A Letter to Momo
Even scenes that work, such as a climax on a rain-soaked bridge, feel like they could have been trimmed by a few hand-drawn frames. Maybe…
In the original "Candyman" (1992), a couple of Ph.D.s from the University of Illinois theorized that the Candyman was an urban legend, brought to life by the faith of all the people who believed in him. But it turned out there was a much more gothic and supernatural explanation, and we learn more about his origins in the new "Candyman: Farewell to the Flesh."
The Candyman stories, based on books by Clive Barker, are an attempt to make an intelligent fable out of a bogeyman, and Bernard Rose's 1992 film did a good job of it, with Virginia Madsen and Kasi Lemmons as the researchers who track down tales of a slasher with a hook for a hand. He was terrorizing Chicago's Cabrini-Green public housing complex, but in the second film he has moved back home to New Orleans, and started preying on his own descendants, instead of innocent bystanders.
In the new film, directed by Bill Condon, there's once again an attempt to establish a real world in which Candymen aren't possible. Kelly Rowan stars as a New Orleans schoolteacher whose father was killed years earlier, Candyman-style. Now her brother has been accused of killing a Candyman expert, and a student in her class has started drawing the Candyman. How does the kid know about him?
The movie doesn't develop, alas, with the patience and restraint of the earlier film. It's got one of those soundtracks where everyday sounds are amplified into gut-churning shockaramas, and where we are constantly being startled by false alarms. There's a scene, for example, where a character walks up behind the teacher, and the soundtrack explodes. My notes read: Scream! Shock! Rumble! Crack! - followed, of course, by the guy saying, "Sorry, I thought you heard me."
The movie also pulls the old "It's only a cat" routine, where a shrieking, snarling presence from out of frame turns out, yes, to only be a cat. There is even an "it's only a raven" sequence, no doubt in honor of Clive Barker's predecessor in the macabre, Edgar Allan Poe.
The story proceeds. Characters near and dear to Rowan are slashed Candyman-style. Eventually, led by the little student from her class who seems tuned in to the Candyman, she is led to an old plantation, where all is explained. Read no further if you would rather not know that the Candyman turns out to have been a slave who fell in love with his master's daughter, and she with him. When she became pregnant, the enraged plantation owner set a mob on the slave, which cut off his arm and smeared him with honey, so that he was stung by thousands of bees, which is how he got the name Candyman.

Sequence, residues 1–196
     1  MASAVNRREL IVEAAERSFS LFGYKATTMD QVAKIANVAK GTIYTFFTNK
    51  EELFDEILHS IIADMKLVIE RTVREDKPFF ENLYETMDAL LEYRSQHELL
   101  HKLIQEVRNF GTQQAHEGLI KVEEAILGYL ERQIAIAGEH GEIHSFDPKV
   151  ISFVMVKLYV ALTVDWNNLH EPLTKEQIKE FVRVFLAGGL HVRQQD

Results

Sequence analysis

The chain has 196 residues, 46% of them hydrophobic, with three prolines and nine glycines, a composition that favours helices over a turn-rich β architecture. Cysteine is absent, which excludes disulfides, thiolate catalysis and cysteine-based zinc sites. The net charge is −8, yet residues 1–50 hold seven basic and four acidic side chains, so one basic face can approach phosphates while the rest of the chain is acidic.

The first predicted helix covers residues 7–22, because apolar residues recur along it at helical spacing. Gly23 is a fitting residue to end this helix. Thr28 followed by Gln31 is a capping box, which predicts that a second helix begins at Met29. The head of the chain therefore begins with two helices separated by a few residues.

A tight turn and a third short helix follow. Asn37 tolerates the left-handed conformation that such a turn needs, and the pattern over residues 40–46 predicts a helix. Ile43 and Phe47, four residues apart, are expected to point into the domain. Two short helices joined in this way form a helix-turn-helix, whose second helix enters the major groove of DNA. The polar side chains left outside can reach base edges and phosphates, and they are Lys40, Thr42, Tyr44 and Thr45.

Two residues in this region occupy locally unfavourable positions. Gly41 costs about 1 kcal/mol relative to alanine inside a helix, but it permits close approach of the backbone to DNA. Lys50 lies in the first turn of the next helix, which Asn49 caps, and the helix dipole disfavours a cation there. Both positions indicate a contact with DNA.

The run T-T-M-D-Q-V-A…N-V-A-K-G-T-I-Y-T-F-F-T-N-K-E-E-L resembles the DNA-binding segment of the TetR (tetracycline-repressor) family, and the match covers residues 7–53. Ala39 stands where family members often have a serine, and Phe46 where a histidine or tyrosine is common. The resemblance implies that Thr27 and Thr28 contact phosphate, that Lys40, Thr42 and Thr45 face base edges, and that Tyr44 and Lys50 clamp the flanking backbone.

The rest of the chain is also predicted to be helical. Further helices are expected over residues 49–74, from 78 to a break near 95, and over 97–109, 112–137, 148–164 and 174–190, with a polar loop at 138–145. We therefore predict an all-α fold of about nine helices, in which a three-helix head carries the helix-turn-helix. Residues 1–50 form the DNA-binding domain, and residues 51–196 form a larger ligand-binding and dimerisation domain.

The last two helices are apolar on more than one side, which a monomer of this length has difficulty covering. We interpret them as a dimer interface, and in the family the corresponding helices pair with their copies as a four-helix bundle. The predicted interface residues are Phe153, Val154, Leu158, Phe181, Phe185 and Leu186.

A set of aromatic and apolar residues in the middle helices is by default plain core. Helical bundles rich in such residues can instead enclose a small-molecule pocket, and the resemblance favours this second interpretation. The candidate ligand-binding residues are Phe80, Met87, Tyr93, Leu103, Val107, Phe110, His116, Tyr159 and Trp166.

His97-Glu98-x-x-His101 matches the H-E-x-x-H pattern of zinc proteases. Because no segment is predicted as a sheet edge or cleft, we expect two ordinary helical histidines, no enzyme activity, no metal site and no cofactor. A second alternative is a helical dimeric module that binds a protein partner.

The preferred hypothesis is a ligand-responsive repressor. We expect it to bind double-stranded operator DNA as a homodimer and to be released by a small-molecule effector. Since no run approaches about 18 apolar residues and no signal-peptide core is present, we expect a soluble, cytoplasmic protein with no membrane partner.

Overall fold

Is there an entomologist among us? Are bees attracted by honey? I would have guessed they'd be rather blase about it, and would be more quickly attracted if the victim had been smeared with one of those perfumes they advertise on the cable TV. Never mind. The slave, whose name is Daniel Robitaille, sees his bee-stung face in his lover's mirror, and somehow his spirit goes into the mirror, so that if you look in a mirror and say "Candyman" five times, that's going to be more or less the last thing you do. (I have tried this, and it doesn't work.)
The story goes to some lengths to develop sympathy for the terrible tortures he was subjected to, as a victim of racism who dared to love a white woman. (Because the Candyman is played by Tony Todd, who has more than a passing resemblance to O.J. Simpson, there are several scenes that have a curious double resonance.)
I suppose that Clive Barker would be happy to explain to us how "Candyman: Farewell to the Flesh" is a statement against racism, and maybe it is, although it sure does go the long way around. The message may be that because slaves were mistreated, we pay the price today, perhaps every time we look in the mirror and see our racism reflected back at us. (Hey, I didn't take those EngLit symbology classes for nothing.)
Like many movies with morals at the end, however, it has its slasher and eats him, too. If the last 15 minutes of the movie are devoted to creating understanding for Daniel Robitaille, the first 85 are devoted to exploiting fears of slasher attacks by tall black men, with or without a hook for a hand. And the flashback is overly elaborate: Did the mob vote against lynching Robitaille, deciding, "Naw, let's just cut off his hand and smear him with honey, so he can become an urban legend?" If not, it seems they went to a lot more trouble than most mobs in those sad days.
I am left with questions. Why did the Candyman visit Chicago? Why did he prey on innocent young black victims who had done him no harm? Which is he, a mythical force brought to reality by psychic mind power, or an immortal being fueled by the life force of the bees, who lives in mirrors? I spend my days pondering questions such as these, so you won't have to.
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